Searching for more souvenirs or looking to make a serious purchase for your Scandinavian wardrobe? In Northeast Minneapolis, Steller Handcrafted Goods offers something different, Nordic-style apparel created from old wool sweaters, blankets, and other upcycled materials. It’s Nordic sustainability at its very best. Find a new coat, a sweater vest, or some comfy Nordic mittens for a “stellar” shopping experience at the perfectly named Steller.
6. Danish American Center
In the Twin Cities, all the Nordics come together, and one of the gathering places is the Danish American Center on West River Parkway in Minneapolis. First established by a prominent Danish immigrant, the center still sponsors language and cultural programs, and with its gracious and spacious rooms, it is a popular rental venue for its members. You can join at extremely reasonable rates, which also allows you to overnight at the club. And, of course, there is a kaffestua to enjoy—Scandinavian hygge at its very best!
7. Hewing Hotel
If you are looking to stay a little more upscale, the Hewing Hotel offers all the amenities of a five-star hotel and then a bit more. Located in the North Loop neighborhood, its unique decor was inspired by the bounty of Minnesota’s lakes and woods and pays tribute to the state’s strong Scandinavian roots. You can enjoy a Nordic-inspired cocktail on the rooftop terrace. Its main restaurant, Tullibee, offers a menu influenced by the rural Nordic practices of foraging, butchery, and fermentation techniques—Minnesota fare that is simply scandilicious!
8. Vann Restaurant
Vann is pronounced “von” and Norwegian for water. In search of a truly authentic Norwegian gourmet experience? Then, Vann Restaurant, located on the shores of Lake Minnetonka in Spring Park, is the place for you. Local chef Erik Skaar returned to the suburbs of Minneapolis after perfecting his cooking skills in some of the country’s best kitchens. The name “Vann” pays homage to Erik’s strong Norwegian roots and his love of seafood and globally inspired cuisine. In addition, boat parking is available on Vann’s dedicated dock. A true waterful experience!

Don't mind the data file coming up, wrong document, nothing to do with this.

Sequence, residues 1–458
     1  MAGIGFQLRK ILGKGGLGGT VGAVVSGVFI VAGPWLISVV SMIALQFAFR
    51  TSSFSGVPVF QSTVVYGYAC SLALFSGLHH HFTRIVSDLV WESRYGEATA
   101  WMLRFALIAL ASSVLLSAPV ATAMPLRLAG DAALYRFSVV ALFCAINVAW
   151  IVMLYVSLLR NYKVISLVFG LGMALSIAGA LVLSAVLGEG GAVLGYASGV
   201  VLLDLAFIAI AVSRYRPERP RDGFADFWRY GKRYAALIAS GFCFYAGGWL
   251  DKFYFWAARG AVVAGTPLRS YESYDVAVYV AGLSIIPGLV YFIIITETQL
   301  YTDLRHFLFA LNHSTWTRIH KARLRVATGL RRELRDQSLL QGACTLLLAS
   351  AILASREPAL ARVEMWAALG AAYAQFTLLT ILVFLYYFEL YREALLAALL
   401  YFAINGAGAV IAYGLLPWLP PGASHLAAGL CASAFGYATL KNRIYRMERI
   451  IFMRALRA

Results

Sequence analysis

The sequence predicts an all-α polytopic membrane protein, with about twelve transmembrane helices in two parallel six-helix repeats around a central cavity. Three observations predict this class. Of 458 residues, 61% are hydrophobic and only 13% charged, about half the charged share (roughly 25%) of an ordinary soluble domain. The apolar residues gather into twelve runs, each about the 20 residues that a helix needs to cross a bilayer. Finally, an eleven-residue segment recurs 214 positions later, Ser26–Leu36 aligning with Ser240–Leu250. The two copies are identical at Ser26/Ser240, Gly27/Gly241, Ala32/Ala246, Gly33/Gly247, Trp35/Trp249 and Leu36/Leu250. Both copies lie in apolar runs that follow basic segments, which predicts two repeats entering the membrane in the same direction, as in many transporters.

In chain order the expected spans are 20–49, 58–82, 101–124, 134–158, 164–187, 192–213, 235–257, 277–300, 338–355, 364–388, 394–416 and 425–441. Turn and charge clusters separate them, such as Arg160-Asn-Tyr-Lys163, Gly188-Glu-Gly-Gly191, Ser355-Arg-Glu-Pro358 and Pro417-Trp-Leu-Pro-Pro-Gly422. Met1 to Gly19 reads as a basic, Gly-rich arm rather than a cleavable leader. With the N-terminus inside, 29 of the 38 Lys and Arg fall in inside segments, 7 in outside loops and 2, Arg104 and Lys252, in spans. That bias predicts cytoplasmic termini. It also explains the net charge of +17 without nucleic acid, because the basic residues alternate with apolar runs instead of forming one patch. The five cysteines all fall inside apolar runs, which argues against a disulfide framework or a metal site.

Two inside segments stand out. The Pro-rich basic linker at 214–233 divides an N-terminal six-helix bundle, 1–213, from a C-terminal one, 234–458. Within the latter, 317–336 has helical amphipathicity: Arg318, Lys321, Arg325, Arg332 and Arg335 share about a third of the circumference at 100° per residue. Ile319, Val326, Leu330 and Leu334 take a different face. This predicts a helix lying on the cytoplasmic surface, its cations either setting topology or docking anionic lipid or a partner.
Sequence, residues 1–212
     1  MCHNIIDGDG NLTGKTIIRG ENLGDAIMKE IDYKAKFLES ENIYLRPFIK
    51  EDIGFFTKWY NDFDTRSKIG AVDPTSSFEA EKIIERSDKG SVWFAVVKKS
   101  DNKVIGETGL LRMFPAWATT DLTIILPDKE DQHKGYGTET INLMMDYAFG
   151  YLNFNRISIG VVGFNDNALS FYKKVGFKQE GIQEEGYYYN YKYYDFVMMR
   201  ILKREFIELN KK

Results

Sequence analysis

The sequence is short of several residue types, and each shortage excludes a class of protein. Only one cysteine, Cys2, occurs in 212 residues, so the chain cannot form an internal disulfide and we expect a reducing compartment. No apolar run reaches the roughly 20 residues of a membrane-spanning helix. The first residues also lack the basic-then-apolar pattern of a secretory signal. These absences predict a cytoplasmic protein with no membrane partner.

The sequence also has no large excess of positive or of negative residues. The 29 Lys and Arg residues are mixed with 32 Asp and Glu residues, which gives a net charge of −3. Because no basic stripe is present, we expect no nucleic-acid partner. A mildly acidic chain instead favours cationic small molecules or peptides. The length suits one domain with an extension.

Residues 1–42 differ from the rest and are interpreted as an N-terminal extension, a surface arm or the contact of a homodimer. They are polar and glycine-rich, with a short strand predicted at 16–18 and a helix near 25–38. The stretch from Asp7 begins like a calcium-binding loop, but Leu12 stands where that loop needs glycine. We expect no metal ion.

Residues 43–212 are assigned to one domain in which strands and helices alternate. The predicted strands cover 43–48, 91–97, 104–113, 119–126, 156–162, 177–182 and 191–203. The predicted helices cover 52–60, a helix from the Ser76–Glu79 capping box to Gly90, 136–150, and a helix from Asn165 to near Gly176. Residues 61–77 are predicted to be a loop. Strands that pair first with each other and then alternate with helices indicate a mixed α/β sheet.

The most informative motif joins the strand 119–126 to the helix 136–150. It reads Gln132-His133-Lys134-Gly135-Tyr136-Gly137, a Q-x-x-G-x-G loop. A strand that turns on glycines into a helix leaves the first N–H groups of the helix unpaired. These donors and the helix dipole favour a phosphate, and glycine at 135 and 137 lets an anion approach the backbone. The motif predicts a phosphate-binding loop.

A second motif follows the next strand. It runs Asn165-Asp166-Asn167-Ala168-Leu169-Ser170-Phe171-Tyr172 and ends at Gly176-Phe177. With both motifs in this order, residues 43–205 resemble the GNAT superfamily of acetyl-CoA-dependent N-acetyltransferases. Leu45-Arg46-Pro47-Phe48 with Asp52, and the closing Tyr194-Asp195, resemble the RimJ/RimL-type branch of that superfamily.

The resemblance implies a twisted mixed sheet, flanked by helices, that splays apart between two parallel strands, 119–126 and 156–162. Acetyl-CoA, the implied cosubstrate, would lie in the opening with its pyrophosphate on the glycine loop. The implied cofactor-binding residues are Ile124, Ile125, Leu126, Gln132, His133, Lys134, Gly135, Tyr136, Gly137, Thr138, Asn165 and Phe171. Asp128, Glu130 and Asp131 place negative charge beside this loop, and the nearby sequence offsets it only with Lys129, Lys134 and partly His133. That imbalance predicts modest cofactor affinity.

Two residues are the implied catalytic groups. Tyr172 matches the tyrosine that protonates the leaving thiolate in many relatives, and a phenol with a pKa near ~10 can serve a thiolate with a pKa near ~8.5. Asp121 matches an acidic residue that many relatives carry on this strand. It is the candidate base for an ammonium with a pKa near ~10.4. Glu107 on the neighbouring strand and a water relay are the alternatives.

9. Gammelgården Museum
Are you looking to step back into history into a more rural experience? Meaning “old farm,” Gammelgården is located in Scandia, about 42 minutes by car from our original starting point at Norway House. It is the only open-air museum devoted to preserving, presenting, and promoting Swedish immigrant heritage in the United States. Tour the historic buildings housing authentic artifacts, or attend special events and classes to learn about the daily lives of early immigrants in Minnesota through a Swedish lens. It’s well worth the trip.
10. State Capitol
Finally, any visit to the Twin Cities is not complete without a stop at the State Capitol in Saint Paul to pay homage to the world’s most famous Viking, Leif Erikson. The memorial, fashioned by Norwegian-American sculptor John Karl Daniels, was unveiled in 1949 by Scandinavian Americans to honor their heritage and credit their ancestors with the “discovery” of North America. It makes for the perfect photo op and finale to your own discovery of Scandinavia in the Twin Cities.
This article originally appeared in the Oct. 8, 2021, issue of The Norwegian American. To subscribe, visit SUBSCRIBE or call us at (206) 784-4617.